Do you have a link to anything store wise? I looked ebay and googled and came up blank...
  9. Mando_Kyram's Avatar
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    Jul 1, 2007, 9:42 PM - Re: Rubies Helmet #9

    tubachris85x said: View Post
    Well for the visor, assuming you get an acrylic one, you can either use a blow dryer or dip it in boiling water. I tried the boiling water, and it took forever. I started with the blowdryer, I rested the visor in place, and just went over it with the dryer. Granted, it took along time, but was easier to shape because it was already on there while heated, instead of dipping it and laying it down, dipping, etc.

    Just when your using a dryer, wear some thick gloves, it will be very hot.
    Also, the plastic that the helmet is made of will become very flexible. If you want to get the "flare" that it lacks, some people use a sturdy metal half-loop in the inner bottom of the back of the helmet to make it rounder, instead of the natural oval shape its made like.

    For a good visor, the one I have and alot of members here use, get it from BobaMaker.co.uk

    -tubachris
    Hey thanks for the link, would you know if that visor can fit in my bucket?


    Evan
  10. tubachris85x's Avatar
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    Jul 1, 2007, 10:24 PM - Re: Rubies Helmet #10

    Lemme check, Im pretty sure it does...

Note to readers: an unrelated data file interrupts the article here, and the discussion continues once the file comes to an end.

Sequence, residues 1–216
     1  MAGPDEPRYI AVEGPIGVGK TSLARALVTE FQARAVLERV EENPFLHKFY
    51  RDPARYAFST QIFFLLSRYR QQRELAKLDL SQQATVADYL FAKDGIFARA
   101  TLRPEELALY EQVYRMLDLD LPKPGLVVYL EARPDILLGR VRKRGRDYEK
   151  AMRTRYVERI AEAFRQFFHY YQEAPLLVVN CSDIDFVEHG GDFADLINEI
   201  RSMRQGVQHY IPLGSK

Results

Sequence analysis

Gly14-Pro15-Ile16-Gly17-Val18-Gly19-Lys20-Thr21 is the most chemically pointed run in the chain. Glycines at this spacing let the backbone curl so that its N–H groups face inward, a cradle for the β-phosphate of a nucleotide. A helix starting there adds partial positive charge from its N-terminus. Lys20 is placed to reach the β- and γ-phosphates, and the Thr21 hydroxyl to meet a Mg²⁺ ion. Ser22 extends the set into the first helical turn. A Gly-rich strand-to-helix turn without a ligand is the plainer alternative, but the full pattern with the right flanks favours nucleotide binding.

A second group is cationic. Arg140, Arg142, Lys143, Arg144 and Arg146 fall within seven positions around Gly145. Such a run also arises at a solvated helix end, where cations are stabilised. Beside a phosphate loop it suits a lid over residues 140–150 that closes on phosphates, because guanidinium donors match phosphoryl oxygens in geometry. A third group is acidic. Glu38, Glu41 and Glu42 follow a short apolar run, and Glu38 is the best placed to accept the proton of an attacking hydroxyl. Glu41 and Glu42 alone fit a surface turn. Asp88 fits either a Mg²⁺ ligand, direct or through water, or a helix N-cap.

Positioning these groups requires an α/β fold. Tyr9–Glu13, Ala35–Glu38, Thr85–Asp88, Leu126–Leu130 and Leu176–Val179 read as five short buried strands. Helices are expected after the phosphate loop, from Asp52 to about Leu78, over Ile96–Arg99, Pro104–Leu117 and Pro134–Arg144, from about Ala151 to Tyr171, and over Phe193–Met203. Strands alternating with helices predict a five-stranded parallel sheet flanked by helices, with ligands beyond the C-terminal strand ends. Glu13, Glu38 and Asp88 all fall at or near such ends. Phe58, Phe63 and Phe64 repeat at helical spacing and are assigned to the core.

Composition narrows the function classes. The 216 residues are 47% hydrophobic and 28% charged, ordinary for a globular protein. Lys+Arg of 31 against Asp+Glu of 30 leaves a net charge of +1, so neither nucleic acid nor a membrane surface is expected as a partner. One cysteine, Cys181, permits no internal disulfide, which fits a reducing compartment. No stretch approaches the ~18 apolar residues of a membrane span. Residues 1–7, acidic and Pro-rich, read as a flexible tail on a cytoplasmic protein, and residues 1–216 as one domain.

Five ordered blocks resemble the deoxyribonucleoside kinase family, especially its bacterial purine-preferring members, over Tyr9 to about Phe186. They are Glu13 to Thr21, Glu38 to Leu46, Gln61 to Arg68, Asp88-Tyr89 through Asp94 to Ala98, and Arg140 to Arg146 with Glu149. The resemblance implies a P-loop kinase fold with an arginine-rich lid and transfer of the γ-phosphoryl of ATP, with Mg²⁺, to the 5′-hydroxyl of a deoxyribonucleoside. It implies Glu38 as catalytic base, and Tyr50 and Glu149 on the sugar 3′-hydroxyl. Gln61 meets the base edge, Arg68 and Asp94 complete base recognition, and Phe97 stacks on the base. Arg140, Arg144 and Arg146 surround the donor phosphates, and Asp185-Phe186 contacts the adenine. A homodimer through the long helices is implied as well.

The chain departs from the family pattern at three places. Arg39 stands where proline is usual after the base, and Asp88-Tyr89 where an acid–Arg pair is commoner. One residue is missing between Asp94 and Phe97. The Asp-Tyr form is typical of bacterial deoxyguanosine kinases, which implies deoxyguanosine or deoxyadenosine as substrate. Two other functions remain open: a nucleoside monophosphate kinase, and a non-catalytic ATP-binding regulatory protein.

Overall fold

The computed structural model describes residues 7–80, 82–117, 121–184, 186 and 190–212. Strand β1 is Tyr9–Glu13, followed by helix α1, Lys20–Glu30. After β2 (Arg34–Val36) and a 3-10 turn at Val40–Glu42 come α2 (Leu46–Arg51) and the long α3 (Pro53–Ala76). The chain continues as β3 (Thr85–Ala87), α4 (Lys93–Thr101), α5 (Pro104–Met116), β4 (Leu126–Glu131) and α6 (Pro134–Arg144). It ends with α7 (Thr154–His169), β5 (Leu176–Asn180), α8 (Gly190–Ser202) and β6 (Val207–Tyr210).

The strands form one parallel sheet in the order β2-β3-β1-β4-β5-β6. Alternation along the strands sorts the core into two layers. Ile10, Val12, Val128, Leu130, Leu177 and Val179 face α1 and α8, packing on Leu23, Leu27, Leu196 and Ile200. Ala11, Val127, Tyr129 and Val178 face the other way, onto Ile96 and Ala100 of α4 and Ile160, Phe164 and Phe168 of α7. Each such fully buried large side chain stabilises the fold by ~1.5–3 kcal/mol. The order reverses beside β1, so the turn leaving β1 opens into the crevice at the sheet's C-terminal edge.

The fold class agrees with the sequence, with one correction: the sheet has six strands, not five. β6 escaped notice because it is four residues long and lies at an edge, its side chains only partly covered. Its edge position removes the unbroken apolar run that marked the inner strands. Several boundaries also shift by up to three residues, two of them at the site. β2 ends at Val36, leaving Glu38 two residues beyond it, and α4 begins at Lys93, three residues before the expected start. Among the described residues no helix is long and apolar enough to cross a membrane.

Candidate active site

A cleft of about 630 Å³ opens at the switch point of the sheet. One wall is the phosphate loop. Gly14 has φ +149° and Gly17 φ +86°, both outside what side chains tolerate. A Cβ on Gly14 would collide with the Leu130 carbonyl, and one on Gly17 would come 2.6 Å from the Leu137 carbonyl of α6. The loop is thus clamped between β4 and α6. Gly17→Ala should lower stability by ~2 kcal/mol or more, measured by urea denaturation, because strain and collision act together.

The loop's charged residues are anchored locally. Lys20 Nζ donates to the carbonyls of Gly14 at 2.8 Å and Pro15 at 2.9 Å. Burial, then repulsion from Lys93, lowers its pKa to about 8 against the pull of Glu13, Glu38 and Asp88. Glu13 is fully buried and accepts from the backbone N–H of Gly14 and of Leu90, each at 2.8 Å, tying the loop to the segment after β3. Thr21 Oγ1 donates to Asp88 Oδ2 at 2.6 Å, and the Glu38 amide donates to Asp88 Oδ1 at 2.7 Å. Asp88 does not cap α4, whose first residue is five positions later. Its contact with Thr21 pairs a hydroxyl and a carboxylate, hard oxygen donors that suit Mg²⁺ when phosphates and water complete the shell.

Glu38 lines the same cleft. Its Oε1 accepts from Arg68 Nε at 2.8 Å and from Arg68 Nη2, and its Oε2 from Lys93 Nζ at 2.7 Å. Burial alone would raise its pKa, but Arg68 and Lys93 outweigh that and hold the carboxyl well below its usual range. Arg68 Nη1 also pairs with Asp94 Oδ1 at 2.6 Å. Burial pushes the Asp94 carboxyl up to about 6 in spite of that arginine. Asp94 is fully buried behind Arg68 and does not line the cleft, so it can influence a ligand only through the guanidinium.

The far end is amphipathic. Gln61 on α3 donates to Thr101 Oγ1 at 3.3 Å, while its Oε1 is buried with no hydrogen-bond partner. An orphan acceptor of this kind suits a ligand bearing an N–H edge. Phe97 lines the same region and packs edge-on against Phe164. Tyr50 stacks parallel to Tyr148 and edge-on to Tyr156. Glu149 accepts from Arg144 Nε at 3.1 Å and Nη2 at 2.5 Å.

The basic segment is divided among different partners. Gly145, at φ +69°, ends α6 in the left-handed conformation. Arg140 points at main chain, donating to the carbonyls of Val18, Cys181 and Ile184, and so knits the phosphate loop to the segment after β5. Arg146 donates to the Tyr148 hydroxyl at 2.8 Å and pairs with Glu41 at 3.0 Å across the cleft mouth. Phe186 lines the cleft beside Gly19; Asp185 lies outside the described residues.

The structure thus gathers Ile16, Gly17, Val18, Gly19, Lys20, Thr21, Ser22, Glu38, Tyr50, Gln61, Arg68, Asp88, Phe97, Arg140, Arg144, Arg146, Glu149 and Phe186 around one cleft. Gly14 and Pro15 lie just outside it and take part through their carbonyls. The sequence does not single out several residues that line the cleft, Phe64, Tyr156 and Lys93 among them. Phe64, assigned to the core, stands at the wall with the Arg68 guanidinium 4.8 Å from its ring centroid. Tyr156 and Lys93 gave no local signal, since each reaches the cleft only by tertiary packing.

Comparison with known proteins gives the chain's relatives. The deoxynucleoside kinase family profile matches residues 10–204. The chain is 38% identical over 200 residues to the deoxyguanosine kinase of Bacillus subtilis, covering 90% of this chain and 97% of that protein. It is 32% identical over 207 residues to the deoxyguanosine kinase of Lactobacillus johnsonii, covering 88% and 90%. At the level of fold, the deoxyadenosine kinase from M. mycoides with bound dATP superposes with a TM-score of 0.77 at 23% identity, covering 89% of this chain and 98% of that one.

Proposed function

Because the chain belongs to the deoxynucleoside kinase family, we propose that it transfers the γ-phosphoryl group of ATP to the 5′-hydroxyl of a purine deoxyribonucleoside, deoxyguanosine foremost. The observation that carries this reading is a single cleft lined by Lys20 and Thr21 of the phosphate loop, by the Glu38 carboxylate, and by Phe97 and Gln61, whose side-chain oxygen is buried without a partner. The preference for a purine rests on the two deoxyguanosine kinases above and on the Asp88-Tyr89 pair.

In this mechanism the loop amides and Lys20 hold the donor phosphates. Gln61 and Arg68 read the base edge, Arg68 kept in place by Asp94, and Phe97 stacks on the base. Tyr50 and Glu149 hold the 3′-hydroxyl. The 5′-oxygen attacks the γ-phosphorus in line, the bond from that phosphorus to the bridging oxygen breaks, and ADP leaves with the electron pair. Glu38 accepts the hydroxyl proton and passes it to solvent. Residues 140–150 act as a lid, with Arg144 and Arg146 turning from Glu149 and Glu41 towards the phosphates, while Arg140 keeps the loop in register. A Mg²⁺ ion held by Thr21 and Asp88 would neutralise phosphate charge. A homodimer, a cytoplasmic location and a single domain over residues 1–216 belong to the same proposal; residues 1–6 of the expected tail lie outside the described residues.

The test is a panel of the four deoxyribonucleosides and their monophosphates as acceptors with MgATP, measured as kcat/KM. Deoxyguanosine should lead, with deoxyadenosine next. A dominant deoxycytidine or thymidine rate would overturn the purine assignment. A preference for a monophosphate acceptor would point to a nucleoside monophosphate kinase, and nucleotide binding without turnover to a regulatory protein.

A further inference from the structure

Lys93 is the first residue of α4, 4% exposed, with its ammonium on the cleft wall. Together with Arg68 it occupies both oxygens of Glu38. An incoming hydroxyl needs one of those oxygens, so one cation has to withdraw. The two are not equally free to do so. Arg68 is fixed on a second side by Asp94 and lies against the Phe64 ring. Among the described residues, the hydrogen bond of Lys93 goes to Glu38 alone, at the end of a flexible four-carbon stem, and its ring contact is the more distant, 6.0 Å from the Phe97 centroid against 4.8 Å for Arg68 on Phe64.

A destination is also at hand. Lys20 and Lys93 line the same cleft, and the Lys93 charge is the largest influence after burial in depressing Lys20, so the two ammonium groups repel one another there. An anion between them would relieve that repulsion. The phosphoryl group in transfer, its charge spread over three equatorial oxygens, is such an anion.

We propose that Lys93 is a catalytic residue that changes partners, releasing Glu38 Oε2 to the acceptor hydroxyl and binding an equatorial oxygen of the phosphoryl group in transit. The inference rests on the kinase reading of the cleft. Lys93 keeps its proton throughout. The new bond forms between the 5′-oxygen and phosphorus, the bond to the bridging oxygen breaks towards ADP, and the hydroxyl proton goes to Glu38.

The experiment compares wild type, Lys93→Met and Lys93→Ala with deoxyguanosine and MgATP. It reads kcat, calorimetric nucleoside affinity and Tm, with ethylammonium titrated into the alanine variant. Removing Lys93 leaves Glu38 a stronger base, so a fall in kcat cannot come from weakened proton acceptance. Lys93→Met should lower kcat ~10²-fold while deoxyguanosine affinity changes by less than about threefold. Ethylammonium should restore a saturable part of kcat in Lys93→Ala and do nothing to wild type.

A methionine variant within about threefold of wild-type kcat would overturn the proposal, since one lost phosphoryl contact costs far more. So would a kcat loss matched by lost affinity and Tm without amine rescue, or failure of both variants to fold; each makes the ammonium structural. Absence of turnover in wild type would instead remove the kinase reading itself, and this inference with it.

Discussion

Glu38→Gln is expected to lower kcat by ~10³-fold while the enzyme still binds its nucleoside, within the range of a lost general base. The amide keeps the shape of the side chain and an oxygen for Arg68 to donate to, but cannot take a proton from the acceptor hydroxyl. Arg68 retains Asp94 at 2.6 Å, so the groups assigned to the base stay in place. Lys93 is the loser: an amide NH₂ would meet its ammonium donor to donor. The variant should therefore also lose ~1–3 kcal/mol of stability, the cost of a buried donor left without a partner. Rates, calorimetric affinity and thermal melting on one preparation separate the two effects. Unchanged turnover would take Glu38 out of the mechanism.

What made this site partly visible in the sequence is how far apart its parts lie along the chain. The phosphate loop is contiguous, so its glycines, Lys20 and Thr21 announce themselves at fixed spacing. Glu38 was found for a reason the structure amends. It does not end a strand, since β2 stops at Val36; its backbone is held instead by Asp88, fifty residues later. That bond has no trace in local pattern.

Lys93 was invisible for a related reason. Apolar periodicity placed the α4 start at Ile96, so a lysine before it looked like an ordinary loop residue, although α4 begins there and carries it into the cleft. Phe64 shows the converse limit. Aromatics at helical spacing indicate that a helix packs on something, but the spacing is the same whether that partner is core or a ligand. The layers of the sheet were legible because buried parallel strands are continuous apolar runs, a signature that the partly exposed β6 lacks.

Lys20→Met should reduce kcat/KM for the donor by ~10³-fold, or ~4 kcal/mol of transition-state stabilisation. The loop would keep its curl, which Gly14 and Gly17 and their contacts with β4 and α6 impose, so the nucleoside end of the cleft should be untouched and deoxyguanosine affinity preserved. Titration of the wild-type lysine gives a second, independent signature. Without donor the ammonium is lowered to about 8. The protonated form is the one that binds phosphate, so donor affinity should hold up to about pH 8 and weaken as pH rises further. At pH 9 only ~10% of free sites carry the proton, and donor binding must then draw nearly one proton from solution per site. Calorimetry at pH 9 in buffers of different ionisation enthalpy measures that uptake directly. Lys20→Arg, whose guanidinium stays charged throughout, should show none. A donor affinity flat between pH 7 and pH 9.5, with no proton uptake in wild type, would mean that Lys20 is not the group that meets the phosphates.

11. tubachris85x's Avatar
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    Jul 1, 2007, 10:35 PM - Re: Rubies Helmet #11

    Well It appears it can. It may be a bit large, but it should cover it. You can also cut it down if you have to. You would just need to do a little bit of modifying to get to fit smooth.

    The other option is using a dark green welders mask. With that, you can cut it exactly to the shape you need it. If you arent looking for great quality for a visor, go that route, but the BM visor is top notch and well worth the price for it. Darker than dark, cannot see into it unless theres light behind it. If not, no one will ever see your face with it on. Best part is camera flashes make it darker!

    -tubachris
  12. Mando_Kyram's Avatar
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    Jul 2, 2007, 10:29 AM - Re: Rubies Helmet #12

    Thank you, I appreciate the help.
  13. bobafett669's Avatar
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    Jul 3, 2007, 2:53 PM - Re: Rubies Helmet #13

    My first attempt was with a Rubies Jango helmet. I cut out the visor completely, re-painted it, cut out the slots in the back, added a servo and flashing lights in the rangefinder and reshaped the helmet and re-enforced it with a craft ring. All pretty good work for my first ever prop. Many thinks to TDH, TK409, Mobius, Mirax and Seeker.

    Best best is to find a T-Visor on ebay. They pop up from time to time for about $5 or so. They fit nicely with just a little trimming to get in the Rubies and you don't have to worry about heating them up since they come pre curved.

    Don't waste your time with a hair dryer. It won't work. Broiling hot water=maybe, Over=good but timing is critical, heat gun=good but again timing and not heating one area more than another is hard.

    I now have retired that old Rubies and have a MH2 as my Jango and I love it. Good luck in your venture . . .